Three American bioethicists have criticised Belgium’s new law permitting children with a terminal illness to choose euthanasia. Writing in the Journal of the American Medical Association, Art Caplan and two colleagues argue that children do not have adults’ capacity for informed consent. “Children and adolescents lack the experiential knowledge and sense of self that adults often invoke—rightly or wrongly—at the end of their lives,” they argue. Furthermore, a developed nation like Belgium ought to have good enough palliative care so that no child will experience “constant and unbearable suffering”.
The Belgian law specifies that euthanasia would be permissible only for “terminally ill children who are close to death, experiencing constant and unbearable suffering.” That suffering of such magnitude exists in modern pediatrics is an inexcusable tragedy. But the solution need not and should not be euthanasia.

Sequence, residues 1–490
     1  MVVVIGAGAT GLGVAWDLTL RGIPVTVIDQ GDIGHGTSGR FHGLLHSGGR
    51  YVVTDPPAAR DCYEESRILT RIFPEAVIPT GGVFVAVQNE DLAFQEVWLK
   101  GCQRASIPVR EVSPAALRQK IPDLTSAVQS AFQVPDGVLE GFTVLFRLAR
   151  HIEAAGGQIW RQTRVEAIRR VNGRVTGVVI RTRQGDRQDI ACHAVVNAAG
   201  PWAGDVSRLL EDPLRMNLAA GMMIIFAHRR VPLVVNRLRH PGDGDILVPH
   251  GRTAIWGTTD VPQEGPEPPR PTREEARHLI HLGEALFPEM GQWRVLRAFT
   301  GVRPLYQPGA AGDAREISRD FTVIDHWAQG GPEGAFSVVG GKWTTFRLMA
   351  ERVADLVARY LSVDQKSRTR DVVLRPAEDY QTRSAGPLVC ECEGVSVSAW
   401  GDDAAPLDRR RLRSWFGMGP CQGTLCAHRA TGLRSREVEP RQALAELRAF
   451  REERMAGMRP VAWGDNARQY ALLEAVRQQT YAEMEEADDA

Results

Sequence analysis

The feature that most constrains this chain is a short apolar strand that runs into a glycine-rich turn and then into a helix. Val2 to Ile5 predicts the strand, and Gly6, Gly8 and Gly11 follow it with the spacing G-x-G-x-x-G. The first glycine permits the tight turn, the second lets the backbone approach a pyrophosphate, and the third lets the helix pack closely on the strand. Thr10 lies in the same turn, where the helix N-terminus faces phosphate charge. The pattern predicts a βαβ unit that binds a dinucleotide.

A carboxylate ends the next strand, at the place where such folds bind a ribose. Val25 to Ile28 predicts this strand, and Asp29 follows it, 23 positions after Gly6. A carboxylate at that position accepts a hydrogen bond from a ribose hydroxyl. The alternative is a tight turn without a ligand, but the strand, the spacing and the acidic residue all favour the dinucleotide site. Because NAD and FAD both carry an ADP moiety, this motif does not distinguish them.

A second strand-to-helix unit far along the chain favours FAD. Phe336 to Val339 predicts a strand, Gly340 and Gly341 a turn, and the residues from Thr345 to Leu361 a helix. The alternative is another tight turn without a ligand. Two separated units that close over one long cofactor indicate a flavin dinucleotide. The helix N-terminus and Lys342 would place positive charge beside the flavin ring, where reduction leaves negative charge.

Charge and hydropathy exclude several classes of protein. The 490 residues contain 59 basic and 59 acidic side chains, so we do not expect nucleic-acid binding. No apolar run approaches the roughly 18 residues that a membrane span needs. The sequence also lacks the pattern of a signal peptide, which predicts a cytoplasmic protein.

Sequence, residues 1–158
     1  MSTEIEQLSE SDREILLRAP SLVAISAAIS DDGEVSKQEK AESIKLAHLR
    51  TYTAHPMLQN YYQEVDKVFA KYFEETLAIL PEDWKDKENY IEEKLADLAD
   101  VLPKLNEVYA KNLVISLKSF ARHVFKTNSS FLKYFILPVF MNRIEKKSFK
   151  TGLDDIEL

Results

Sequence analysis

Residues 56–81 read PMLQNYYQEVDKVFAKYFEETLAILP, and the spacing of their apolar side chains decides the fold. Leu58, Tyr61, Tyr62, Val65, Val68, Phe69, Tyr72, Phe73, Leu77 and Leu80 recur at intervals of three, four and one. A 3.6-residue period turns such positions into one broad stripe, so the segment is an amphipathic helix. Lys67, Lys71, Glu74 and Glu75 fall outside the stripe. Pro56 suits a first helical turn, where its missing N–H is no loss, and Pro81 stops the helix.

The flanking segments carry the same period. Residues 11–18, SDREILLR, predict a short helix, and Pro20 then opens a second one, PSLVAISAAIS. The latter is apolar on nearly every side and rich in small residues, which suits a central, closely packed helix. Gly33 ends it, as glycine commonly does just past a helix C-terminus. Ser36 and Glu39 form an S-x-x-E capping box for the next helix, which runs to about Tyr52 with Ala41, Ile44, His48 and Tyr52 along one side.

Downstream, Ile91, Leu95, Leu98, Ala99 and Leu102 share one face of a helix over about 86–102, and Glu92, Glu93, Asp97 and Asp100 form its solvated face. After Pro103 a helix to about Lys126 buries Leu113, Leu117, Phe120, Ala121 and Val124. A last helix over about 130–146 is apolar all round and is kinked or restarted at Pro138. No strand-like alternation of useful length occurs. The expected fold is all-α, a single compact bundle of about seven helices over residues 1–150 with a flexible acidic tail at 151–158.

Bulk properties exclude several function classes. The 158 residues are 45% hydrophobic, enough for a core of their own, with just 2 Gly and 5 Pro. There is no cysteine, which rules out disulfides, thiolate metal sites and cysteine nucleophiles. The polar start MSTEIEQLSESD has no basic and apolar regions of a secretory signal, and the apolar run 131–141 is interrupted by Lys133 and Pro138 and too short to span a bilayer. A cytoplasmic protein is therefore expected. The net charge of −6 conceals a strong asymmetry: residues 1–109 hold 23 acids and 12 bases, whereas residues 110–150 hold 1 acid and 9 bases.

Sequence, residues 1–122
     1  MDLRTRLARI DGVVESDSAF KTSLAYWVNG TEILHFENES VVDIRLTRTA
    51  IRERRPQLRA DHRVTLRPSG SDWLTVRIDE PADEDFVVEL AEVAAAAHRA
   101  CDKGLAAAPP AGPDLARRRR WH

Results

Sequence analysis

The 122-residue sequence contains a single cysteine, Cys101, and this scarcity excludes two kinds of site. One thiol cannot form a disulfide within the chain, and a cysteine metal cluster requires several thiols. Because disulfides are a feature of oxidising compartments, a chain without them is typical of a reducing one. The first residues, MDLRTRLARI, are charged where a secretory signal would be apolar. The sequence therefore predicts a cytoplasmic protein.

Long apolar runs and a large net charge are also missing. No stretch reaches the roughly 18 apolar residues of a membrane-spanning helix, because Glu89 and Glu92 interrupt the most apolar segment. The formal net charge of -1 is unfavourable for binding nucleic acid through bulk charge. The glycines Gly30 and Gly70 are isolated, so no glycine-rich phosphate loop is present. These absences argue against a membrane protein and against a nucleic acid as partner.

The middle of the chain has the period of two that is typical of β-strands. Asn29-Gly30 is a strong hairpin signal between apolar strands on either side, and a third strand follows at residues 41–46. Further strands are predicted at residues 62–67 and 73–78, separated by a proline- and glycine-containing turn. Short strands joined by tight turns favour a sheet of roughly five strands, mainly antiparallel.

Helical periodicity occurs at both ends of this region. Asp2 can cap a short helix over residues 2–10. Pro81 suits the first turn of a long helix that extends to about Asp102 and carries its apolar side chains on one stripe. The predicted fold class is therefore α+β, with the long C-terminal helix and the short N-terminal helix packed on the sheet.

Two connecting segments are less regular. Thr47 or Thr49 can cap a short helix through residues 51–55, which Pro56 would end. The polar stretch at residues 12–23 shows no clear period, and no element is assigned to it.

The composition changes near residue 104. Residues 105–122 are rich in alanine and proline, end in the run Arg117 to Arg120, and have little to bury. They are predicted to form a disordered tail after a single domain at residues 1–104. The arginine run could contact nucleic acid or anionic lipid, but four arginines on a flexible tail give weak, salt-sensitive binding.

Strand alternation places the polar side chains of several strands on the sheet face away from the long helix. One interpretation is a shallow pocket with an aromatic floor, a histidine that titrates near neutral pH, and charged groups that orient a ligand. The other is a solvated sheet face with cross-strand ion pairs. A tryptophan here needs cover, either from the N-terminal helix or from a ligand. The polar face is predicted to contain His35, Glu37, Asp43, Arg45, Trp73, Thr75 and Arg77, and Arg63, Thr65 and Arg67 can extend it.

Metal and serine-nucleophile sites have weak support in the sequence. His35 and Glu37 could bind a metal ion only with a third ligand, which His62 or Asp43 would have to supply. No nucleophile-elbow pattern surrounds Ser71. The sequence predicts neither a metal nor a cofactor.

All patients, including children, must have access to adequate palliative care. Although access to adequate comprehensive palliative care is limited in many settings, it ought not be in developed nations such as Belgium…
The goal of reducing suffering in children at the end of life is a laudable one. However, the ethical way to achieve this goal should be expanded education and clinical guidance around the provision of aggressive palliative care.
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